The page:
Acts 1:15-17, 20a, 20c-26
1 Jn 4:11-16
This is the last Sunday of the Easter season. The opening words of the gospel set the theme for the liturgy for today – ”Lifting up his eyes to heaven, Jesus prayed saying: ‘Holy Father, keep them in your name that you have given me, so that they may be one just as we are one.’” Oneness or unity is in the mind and heart of Jesus because he knows that he will soon face death. He wants his closest followers to be united, to have a oneness or unity among them as they face a new future without his physical presence.
Jesus’ prayer confirms the close and complete union between Jesus and the Father so he also asks that the unity experienced between him and the Father be extended to all who believe in him. We must remember that he prays that we, too, be in union with each other, with him, and with the Father. The basis for this belief is that it is through Christ that we are all united with each other.
The sad thing is that unity or oneness in our world today is sorely lacking. Unity is missing in many families, neighborhoods, cities and countries. The war in Ukraine is a horrific example of the absence of unity or oneness between nations. Racism, political feuding, prejudices of all kinds are among many signs of disunity in our country. The cure for this lack of unity is love. In the last words of Jesus’ prayer, he prays for love: “…that the love with which you have loved me may be in them, and I in them.” Love must be the foundation for unity. We are reminded in other parts of the gospels that we are to love God and love others as we love ourselves. Where a genuine love is, there is God. And where God is, goodness will be found. May that goodness bring unity so that we all are one!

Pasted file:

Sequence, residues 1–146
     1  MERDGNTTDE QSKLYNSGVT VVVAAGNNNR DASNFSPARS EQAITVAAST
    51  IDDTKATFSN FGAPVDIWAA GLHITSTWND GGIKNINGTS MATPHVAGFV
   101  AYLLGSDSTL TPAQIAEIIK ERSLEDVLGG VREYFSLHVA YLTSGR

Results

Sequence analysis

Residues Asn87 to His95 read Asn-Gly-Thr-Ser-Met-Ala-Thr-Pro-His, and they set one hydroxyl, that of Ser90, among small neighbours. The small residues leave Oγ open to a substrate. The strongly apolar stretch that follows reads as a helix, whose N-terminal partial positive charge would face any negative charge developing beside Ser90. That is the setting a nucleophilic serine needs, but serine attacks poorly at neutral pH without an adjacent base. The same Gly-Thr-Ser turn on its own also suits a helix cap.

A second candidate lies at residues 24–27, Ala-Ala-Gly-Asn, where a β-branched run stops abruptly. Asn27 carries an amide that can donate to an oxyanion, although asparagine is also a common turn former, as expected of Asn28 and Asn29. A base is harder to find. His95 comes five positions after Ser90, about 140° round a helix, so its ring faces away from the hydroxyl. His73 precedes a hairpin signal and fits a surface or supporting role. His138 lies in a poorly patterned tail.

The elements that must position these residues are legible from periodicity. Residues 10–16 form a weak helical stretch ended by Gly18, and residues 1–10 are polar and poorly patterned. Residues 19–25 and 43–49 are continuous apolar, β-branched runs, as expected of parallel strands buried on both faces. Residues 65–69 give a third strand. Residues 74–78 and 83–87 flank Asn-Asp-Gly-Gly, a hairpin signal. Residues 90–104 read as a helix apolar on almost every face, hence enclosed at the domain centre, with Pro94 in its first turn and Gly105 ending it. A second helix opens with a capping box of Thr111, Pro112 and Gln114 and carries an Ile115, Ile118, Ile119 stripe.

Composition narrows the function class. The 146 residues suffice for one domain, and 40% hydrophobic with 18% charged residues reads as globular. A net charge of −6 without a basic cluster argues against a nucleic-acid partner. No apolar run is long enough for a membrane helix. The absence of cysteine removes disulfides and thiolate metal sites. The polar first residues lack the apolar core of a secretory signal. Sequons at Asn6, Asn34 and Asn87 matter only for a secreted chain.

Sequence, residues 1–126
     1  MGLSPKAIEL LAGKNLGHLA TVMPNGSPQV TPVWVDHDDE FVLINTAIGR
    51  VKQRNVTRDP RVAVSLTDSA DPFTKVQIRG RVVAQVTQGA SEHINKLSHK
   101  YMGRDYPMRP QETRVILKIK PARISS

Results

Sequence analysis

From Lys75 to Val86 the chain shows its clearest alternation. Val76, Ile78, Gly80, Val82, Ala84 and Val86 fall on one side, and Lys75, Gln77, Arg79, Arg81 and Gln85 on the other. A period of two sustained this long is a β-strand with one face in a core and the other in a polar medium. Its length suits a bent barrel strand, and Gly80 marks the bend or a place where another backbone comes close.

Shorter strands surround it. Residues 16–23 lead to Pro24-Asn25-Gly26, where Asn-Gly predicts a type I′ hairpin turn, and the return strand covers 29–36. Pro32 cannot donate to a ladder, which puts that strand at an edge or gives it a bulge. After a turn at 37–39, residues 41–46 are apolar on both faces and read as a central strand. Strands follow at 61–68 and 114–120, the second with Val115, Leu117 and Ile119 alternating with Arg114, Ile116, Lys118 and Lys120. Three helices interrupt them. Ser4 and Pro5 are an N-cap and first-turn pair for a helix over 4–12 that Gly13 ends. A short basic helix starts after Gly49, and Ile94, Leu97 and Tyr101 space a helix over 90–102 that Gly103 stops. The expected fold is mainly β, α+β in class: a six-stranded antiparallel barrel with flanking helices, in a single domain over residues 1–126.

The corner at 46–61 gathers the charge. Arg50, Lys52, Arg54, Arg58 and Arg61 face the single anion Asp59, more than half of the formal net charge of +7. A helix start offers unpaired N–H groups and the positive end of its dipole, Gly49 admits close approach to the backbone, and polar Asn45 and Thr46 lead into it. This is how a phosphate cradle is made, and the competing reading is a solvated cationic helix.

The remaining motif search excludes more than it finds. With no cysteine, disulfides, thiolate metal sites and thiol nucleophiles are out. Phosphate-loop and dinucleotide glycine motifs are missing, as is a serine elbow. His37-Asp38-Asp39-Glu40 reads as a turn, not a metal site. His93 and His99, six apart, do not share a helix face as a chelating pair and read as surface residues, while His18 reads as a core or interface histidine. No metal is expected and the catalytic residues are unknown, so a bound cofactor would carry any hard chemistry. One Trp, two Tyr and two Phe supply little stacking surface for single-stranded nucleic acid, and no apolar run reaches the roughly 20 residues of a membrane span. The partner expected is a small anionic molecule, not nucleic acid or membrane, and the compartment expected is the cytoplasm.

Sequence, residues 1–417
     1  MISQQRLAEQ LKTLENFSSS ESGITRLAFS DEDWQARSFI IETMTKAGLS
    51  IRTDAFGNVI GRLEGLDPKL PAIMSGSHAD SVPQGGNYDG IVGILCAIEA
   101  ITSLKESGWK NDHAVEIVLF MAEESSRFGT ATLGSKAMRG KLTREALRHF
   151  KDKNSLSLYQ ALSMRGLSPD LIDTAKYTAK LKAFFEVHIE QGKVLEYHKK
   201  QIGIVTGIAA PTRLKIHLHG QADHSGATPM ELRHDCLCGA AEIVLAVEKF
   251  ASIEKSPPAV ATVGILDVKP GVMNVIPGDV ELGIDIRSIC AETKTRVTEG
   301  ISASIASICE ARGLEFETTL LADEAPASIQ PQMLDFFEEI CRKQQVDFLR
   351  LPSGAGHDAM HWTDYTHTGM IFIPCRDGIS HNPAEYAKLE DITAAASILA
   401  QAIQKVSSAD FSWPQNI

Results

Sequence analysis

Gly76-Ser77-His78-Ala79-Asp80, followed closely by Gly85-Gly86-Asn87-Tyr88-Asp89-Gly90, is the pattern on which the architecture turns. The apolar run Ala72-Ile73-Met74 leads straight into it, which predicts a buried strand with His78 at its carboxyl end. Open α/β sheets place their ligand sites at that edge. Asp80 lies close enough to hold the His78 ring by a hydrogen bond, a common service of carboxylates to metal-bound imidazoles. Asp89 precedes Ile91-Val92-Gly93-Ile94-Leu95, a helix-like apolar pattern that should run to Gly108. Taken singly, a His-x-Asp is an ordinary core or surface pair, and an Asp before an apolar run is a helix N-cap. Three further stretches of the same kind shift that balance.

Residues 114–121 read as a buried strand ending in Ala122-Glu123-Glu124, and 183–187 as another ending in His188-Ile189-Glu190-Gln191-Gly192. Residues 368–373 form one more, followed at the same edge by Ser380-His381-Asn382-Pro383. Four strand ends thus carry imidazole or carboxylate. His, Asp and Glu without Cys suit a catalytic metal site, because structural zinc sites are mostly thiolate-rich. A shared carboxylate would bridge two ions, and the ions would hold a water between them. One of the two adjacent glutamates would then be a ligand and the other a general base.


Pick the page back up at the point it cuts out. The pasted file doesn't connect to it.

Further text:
Are there any examples of disunity in your life? How can you eliminate it?
How can you contribute to unity in your family, neighborhood and city?